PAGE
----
Release No. 0403.11
USDA Office of Communications (202) 720-4623
USDA Announces Results of Summer
Feeding Pilots to Help Prevent Childhood Hunger When School is Out
Arkansas, Mississippi Projects Help
to Reduce Food Insecurity for Kids during Summer
WASHINGTON, Sept. 14, 2011 — USDA Under Secretary Kevin Concannon today
highlighted the results of two
Summer Food Service Program (SFSP)
pilot programs in Arkansas and Mississippi that used incentives to increase
participation among low-income children. The study found that the innovative
pilot programs were associated with an increased average participation rate
among kids in the Summer Food Service Programs by 35 percent in Arkansas and 19
percent in Mississippi.
"Hunger doesn't take a summer vacation, and the Summer Food Service Program
helps to ensure that disadvantaged children receive the wholesome, nutritious
meals they need when school is out," said Under Secretary for Food, Nutrition,
and Consumer Services Kevin Concannon. "Through these demonstration projects, we
hope to find innovative ways to increase access to and participation in this
valuable program, to help fill the summer nutrition gap."
The program report assesses the impact of two 2010 Enhanced Summer Food
Service Program demonstrations designed to prevent food insecurity and hunger
among children during the summer months when school is out. The Arkansas
demonstration offered per-lunch incentives to encourage SFSP providers or
sponsors to operate for a greater portion of the summer. The Mississippi
demonstration offered new recreational or educational activities at SFSP feeding
sites to foster higher levels of participation. While a number of other factors
in these states, including some additional funding used by Arkansas to enhance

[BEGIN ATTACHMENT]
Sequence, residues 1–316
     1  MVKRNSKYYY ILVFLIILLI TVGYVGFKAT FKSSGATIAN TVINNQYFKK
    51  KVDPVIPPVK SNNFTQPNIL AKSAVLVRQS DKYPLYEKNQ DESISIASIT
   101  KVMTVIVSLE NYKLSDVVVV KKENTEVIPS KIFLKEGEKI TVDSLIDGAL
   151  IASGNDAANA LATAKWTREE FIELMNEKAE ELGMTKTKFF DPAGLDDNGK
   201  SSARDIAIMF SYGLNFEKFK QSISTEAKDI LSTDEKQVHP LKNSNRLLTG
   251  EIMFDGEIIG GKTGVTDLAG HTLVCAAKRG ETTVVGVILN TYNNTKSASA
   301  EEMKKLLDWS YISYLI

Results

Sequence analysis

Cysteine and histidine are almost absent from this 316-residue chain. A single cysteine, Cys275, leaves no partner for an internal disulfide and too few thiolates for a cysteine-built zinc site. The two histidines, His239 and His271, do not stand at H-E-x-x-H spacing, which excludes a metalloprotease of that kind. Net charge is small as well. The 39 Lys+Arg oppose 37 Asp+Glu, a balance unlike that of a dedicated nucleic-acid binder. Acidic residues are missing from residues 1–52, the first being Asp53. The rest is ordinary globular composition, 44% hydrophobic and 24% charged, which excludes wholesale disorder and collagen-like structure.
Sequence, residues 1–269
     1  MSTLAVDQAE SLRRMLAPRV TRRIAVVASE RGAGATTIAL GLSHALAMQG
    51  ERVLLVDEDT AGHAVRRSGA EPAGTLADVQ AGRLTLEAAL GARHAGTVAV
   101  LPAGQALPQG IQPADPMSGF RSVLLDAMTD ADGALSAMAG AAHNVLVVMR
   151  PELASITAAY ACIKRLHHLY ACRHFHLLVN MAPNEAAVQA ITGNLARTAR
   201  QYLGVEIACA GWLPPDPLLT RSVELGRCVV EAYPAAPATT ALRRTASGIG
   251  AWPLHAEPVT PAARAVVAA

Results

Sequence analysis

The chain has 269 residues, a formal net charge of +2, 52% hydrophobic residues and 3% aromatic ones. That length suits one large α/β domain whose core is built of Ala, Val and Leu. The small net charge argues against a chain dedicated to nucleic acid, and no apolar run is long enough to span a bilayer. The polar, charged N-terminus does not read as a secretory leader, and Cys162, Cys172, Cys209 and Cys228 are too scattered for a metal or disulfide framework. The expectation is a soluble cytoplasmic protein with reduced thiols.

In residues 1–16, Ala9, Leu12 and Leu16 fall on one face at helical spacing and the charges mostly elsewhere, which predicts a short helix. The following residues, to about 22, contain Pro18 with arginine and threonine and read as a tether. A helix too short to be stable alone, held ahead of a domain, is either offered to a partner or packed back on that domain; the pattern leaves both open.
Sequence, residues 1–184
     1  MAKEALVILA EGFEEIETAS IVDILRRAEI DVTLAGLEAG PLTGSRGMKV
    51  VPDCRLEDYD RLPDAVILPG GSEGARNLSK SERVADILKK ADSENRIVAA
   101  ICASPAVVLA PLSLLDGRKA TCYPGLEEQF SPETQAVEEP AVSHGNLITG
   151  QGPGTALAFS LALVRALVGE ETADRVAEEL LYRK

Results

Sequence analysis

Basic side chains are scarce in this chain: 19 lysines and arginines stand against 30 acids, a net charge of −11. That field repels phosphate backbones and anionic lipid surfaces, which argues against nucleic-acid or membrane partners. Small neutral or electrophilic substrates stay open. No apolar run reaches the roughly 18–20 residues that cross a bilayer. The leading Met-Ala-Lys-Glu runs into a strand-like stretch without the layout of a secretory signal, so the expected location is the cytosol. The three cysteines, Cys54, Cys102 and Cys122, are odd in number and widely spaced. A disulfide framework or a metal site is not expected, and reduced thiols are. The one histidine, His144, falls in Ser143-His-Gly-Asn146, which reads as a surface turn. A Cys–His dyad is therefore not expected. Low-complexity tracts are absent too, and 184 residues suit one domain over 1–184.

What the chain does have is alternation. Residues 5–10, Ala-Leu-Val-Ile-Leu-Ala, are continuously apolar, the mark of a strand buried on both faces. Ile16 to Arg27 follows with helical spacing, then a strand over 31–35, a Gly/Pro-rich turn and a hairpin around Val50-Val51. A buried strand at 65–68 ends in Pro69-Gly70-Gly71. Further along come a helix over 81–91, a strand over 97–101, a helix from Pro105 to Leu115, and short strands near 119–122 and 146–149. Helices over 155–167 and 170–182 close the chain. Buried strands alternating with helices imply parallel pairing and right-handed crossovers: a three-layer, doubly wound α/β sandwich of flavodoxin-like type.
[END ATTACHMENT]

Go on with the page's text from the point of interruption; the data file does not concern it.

the program, may have influenced the results, the changes observed are
consistent with generally positive impacts from the demonstrations.
Additional projects, underway this year, will test home delivery of meals and
a backpack food program for kids on days when the traditional SFSP is not
operating, as well as household-based summer feeding approaches using the EBT
infrastructure of SNAP and WIC.
The results also come during Hunger Action Month. USDA has been collaborating
with Feeding America, the sponsor of Hunger Action Month, during September to
spread the word about actions that many different stakeholders can take to end
hunger. Expanding access to the Summer Food Service Program is an integral part
of this message.
USDA Deputy Under Secretary for Food, Nutrition, and Consumer Services Janey
Thornton said, "Summer Food Service Programs offer opportunities to continue a
child's physical and social development while providing nutritious meals during
long vacation periods. It helps children return to school prepared to achieve at
their highest academic potential."
SFSP sites operate in low-income areas where at least half of the children
come from families with incomes at or below 185 percent of the federal poverty
level, making them eligible for free and reduced-price school meals. Meals are
served free to any child at the open site. Enrolled sites provide free meals to
children enrolled in an activity program at the site where at least half of them
are eligible for free and reduced-price meals.
USDA's Food and Nutrition Service oversees 15 nutrition assistance programs
that touch the lives of one in four Americans over the course of a year. The
programs work together to form a national safety net against hunger. The
National School Lunch and School Breakfast programs provide nutritionally
balanced, free and low-cost meals to nearly 32 million school children each
school day. The Supplemental Nutrition Assistance Program (SNAP) puts healthy
food in reach for more than 45 million Americans each month, half of whom are